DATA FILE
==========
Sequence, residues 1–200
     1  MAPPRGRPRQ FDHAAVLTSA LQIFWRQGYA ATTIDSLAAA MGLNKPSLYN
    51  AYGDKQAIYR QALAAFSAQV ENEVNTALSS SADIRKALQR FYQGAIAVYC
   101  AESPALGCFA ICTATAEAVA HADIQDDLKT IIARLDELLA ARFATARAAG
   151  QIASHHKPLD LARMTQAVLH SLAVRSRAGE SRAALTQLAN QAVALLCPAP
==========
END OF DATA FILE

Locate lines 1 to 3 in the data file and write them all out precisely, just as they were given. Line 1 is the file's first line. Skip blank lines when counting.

Sequence, residues 1–200
     1  MAPPRGRPRQ FDHAAVLTSA LQIFWRQGYA ATTIDSLAAA MGLNKPSLYN
    51  AYGDKQAIYR QALAAFSAQV ENEVNTALSS SADIRKALQR FYQGAIAVYC